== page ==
Tissue Engineering Group
The Tissue Engineering Group at the University of Bergen is headed by Kamal Mustafa. It studies tissue engineering and regeneration.
This research group aims to develop regenerative therapies based on stem cells and bone regeneration. Preclinical studies on growing cells and different forms of stimulation of cells will be conducted at their laboratories. The group represents a collaboration between researchers and clinicians, both at the national and international level. Its goal is to rehabilitate patients with congenital and acquired bone defects caused by aging, trauma or pathological defects. The group is participating in two big EU projects, VASCUBONE (a tool box for tailor-made vascularized bone implants) and REBORNE (Regenerating Bone Defects using New biomedical Engineering approaches).
The VascuBone project emphasises research that will expand our understanding of differences between stem cells from young and old individuals. In the Reborne project, the group, represented by Professor Emeritus Sølve Hellem, leads and supports a multi-centre study across three countries in which stem cells will be used for jaw bone regeneration. The study is being carried out by PhD candidate Cecilie Gjerde, and it is the first clinical trial involving human subjects to take place in Norway. The first patients have already received transplants at the University of Bergen's Department of Clinical Dentistry. This clinical trial is being carried out in parallel with two orthopaedic studies in different European countries in which more than 20 patients have already been treated. Stem cells from patients included in the studies are being expanded on a continuous basis at GMP-certified laboratories, including at Ulm University in Germany. For all relevant projects, the plan is to transfer the treatment and cell expansion activities to a new GMP-certified ex vivo laboratory in Bergen from 2017. The plastic surgery department at Haukeland University Hospital is also taking part in this group in cooperation with the University Medical Center Utrecht in the Netherlands, where they are now using biomaterial instead of the patient's own bone to close the cleft in paediatric patients with cleft lip and palate. This study will be expanded to include the use of mesenchymal stem cells.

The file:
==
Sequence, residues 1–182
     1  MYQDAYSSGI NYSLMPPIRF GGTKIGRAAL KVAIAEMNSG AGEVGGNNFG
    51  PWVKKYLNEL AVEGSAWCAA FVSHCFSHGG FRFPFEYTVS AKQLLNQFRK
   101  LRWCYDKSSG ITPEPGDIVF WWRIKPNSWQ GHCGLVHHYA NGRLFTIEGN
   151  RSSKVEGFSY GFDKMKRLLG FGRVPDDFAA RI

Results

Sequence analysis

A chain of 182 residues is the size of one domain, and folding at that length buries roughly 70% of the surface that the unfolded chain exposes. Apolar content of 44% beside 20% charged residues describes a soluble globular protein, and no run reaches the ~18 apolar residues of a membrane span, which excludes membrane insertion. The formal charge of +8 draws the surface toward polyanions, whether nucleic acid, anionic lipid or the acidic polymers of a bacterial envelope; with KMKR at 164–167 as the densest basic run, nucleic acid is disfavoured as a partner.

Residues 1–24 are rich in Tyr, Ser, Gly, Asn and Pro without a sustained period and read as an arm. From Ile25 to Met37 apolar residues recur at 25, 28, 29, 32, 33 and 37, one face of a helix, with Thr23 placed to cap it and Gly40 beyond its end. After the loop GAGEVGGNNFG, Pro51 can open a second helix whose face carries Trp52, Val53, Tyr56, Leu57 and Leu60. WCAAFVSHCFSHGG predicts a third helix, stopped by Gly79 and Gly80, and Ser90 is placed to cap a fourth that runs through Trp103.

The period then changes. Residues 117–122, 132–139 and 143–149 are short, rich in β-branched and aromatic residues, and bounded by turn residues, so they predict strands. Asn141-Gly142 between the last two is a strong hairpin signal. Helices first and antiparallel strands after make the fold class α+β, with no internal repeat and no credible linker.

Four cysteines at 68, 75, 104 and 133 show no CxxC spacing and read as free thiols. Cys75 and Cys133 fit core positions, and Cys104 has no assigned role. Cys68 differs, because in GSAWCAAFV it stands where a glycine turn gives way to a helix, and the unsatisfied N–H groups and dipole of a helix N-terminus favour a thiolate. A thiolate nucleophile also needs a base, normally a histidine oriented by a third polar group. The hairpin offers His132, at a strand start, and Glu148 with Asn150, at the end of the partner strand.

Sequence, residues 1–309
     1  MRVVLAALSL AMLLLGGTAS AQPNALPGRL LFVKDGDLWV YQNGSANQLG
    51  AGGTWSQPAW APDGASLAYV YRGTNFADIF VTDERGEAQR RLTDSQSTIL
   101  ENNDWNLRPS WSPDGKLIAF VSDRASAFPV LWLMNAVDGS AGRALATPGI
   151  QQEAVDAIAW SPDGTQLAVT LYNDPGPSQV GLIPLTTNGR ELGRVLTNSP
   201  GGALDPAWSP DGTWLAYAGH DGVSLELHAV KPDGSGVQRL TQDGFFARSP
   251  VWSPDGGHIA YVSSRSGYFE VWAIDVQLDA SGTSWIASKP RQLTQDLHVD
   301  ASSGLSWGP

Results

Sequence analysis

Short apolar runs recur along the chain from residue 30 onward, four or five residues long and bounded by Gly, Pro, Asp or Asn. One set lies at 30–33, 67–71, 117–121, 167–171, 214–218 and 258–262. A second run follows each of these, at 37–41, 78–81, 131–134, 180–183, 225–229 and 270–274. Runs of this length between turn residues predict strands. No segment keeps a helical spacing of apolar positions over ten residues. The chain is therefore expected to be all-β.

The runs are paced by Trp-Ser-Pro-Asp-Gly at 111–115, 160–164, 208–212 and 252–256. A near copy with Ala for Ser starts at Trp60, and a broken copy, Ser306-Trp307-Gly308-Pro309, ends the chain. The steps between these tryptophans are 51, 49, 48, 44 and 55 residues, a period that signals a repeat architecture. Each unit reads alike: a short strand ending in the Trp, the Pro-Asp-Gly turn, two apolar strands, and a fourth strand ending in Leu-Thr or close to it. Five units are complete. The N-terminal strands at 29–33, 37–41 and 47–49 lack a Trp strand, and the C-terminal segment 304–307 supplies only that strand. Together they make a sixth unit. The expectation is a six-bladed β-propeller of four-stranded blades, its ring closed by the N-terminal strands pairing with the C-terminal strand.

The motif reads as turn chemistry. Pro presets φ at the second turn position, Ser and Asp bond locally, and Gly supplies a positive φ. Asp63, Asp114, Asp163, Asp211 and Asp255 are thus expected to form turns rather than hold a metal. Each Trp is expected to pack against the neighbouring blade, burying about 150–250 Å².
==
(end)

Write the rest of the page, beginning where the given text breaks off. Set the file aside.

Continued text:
The group is also participating in the Research Council of Norway's Norwegian Nanocellulose Technology Platform (Norcel). Norcel is working on the development of a scaffold based on nanucellulose and 3D printing for use in bone tissue engineering.
The Prostate Cancer Therapy Research Group
The Prostate Cancer Therapy Research Group is led by Karl-Henning Kalland.
The group is endeavouring to develop new cancer therapies, particularly targeting prostate cancer. The work consists of two main parts. The first part consists of the phase 1 clinical trial of cryoimmunotherapy to treat prostate cancer. The trial will begin in 2015, and it will include 20 patients who have prostate cancer with metastases. The strategy is designed to overcome the problem of the heterogeneity of cancer cells, which is caused by both mutations and the ability of cancer cells to be reprogrammed. It includes attacking cancer stem cells. The research biobank linked to the study provides valuable research material.
The other main part is the development of an experimental, stepwise model for prostate cancer development. This model is already being used in a screening programme for new bioactive substances that are being tested especially for their ability to influence stem cells and cancer stem cells. It is an important goal to isolate, cultivate and program stem cells and cancer stem cells for diagnostic and therapeutic development of the protocol in the ongoing phase 1 clinical trial.
The mitochondria/neurology stem cell research group
The Mitochondria/neurology group is led by Laurence Bindoff.